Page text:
US stocks finished higher for the second straight week. Markets in the US will be closed today for Washington’s birthday but have rolled into the holiday in fine fettle. Industrial productions were weak, down 0.3% in January, largely down to Boeing. Ex-aircraft production, factory output rose 0.3%. Retail sales showed the US consumer started the year in decent shape, with headline sales +0.3% month on month.
There are growing fears about the economic impact. Japan’s economy shrank at the quickest pace in six years in the last quarter of 2019 – down 6.3% as the consumption tax hike hobbled the economy far worse than thought.
Most think to hit to tourism and exports resulting from the outbreak will mean the economy contracts again in the March quarter, pushing Japan into recession. Meanwhile Singapore has slashed its growth outlook for 2020.
Oil is higher above $52, having closed last week well. Look like a base has been formed at $50, looking to cement gains north of last week’s highs at $52.2.
In FX, there are tentative signs of stabilisation and basing for EURUSD. Speculators have not been this net short since Jun 2019, with net shorts at nearly 86k, contracts so the short-euro trade is very crowded. As ever this CFTC data is a week old so I wouldn’t be surprised if the next set of data showed deeper net shorts towards 100k corresponding to the dove under 1.0880. The inverted hammer on Friday suggests near term reversal but until 1.09 is reclaimed the bears remain in control.
Sterling is giving a gallic shrug to some French fighting talk vis-à-vis Brexit trade talks. GBPUSD is steady at 1.3040, with support at 1.30 and near-term resistance seen at the 50-day moving average at 1.3070.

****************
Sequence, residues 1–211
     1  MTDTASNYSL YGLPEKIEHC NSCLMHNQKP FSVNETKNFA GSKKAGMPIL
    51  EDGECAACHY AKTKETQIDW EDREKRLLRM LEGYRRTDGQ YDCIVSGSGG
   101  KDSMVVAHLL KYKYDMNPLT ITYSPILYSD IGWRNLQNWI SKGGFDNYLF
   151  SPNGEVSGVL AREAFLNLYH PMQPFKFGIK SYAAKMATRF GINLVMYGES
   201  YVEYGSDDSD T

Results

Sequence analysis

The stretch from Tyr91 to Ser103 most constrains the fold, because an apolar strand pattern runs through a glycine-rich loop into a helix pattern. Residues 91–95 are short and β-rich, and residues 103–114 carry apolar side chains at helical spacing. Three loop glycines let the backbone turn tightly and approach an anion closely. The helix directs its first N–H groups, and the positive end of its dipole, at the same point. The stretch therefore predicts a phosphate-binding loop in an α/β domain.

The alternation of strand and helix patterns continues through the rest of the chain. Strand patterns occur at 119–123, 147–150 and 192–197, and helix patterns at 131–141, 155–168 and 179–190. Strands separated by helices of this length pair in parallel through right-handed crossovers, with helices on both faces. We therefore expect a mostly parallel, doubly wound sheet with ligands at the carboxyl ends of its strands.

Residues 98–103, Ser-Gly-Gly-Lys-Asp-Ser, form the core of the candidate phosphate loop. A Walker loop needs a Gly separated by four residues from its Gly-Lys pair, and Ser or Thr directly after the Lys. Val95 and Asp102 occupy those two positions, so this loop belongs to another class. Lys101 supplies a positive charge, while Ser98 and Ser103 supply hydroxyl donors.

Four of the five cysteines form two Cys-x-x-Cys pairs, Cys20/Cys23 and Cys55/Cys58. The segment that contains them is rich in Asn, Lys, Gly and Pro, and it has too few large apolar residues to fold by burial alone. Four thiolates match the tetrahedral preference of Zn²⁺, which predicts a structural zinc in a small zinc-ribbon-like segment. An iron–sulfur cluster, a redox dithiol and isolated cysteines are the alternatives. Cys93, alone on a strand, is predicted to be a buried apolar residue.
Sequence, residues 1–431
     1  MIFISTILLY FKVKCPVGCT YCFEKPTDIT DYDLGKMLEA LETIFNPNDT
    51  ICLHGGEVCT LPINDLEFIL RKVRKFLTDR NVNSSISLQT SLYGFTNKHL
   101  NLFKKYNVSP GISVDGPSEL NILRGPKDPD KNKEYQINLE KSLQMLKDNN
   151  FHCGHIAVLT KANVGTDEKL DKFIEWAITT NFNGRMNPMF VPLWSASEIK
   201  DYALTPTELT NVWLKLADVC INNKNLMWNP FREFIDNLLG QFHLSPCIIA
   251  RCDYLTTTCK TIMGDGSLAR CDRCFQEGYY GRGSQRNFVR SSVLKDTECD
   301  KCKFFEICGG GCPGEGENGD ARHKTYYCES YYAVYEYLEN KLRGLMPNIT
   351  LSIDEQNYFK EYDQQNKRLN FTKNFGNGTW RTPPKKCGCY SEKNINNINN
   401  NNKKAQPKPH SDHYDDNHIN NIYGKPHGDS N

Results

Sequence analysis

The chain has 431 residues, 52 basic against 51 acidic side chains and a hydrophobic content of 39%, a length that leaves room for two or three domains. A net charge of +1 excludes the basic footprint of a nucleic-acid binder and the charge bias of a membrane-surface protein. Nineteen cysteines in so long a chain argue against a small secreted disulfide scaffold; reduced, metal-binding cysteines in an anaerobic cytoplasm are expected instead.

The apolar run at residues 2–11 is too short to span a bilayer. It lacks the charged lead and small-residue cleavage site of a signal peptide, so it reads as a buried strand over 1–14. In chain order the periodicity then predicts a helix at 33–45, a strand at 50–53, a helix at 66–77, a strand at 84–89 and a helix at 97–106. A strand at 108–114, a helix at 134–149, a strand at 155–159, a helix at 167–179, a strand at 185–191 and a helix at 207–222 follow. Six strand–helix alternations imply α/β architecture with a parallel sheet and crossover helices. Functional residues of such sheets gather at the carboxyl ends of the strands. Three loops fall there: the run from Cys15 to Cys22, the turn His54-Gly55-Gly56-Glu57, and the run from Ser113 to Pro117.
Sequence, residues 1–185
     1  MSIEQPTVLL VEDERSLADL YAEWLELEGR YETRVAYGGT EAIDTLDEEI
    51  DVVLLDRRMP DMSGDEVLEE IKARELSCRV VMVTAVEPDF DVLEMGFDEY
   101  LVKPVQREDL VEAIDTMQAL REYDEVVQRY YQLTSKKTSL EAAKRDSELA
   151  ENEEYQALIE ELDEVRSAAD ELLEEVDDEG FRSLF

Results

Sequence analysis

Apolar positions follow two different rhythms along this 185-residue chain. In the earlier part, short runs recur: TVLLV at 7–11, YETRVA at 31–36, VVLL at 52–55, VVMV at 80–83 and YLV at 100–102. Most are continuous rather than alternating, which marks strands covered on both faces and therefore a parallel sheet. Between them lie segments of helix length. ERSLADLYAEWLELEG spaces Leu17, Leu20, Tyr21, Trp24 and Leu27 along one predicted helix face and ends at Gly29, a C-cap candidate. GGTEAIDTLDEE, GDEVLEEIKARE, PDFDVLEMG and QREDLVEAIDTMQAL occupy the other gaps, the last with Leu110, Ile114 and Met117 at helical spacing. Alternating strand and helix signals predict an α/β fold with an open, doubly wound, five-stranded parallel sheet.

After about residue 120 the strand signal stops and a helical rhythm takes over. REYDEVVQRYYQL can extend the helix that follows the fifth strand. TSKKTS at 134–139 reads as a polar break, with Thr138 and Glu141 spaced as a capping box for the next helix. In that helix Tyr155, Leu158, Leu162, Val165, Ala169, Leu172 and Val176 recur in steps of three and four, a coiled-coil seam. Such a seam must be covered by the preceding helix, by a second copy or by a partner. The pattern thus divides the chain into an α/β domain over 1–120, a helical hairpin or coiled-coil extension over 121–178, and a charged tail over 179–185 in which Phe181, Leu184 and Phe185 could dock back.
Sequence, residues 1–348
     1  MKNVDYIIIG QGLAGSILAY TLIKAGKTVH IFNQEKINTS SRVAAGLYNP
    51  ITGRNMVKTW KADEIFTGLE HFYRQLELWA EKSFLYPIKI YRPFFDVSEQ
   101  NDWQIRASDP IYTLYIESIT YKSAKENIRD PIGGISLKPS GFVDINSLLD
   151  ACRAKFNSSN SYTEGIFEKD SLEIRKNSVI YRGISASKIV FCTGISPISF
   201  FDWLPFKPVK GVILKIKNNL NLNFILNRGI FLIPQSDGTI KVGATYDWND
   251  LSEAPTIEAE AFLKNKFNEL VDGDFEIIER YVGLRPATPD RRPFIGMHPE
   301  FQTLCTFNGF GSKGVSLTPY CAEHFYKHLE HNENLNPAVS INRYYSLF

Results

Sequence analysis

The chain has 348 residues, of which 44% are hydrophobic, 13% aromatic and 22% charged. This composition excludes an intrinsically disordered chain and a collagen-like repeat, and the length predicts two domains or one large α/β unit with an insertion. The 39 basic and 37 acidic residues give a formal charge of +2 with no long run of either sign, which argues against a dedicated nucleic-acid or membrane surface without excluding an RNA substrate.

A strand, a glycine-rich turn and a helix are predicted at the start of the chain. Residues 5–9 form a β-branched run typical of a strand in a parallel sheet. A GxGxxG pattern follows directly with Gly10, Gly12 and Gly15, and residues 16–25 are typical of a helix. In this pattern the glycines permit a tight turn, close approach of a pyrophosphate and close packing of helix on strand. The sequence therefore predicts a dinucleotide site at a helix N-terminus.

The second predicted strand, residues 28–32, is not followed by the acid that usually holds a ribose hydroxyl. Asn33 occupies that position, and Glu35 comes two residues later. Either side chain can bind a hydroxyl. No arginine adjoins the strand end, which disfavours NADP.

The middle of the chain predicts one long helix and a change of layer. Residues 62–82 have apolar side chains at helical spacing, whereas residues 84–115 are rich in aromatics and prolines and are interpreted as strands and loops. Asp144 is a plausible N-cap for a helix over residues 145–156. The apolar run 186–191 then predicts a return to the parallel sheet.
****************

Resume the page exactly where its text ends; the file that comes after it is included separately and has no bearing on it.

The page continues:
Apple Q1 earnings preview: Spotlight on China, 5G, Wearables, Services
Apple (AAPL), which reports fiscal 2020 first quarter earnings today after the close, has declined somewhat from its all-time highs in the last couple of sessions, but the stock is still up by around 100% since its profits warning a year ago. Over that time we have seen a massive rerating in the stock despite fears iPhone sales are not going to be what they once were. This is largely down to one thing – Services. But there is also a sense that iPhone sales are going to be materially higher than feared a year ago, and with the 5G refresh cycle promising to be a super-cycle, there is plenty of fundamental support for shares to be trading where they are.
Fiscal Q1 earnings per share are expected at $4.55, from $4.18 a year before, on revenues of $88.4bn, from $88.3bn a year ago.
At the time of its Q4 19 release, Apple guided revenue to be between $85.5 billion and $89.5 billion, with gross margin between 37.5% and 38.5%.
Momentum coming into this quarter is positive – Apple posted record Q4 revenues despite slower iPhone sales and guided for a very strong holiday quarter. Earnings per share beat handsomely at $3.03 vs $2.84 expected and up 4% year on year. Revenues jumped 2% to $64bn.
On a trailling 12-month (TTM) basis Apple’s PE has soared to 25 from around 11 last year. The Services-led re-rating may have already happened, although there could yet be a little more upside.
Q1 Key themes
Coronavirus/China – investors will pay close attention to what management have to say about the impact of the virus on demand in China, as well as on operations/production. Apple may have to revise its Q2 forecasts for Greater China lower – this could be an important steer for the broader market in terms of the outbreak’s impact. Most of Apple’s products are made in China, while the country accounts for about 16% of global revenues. Chinese exposure has the potential to dent the stock whatever the Q1 earnings turn out to be if the guidance is soft.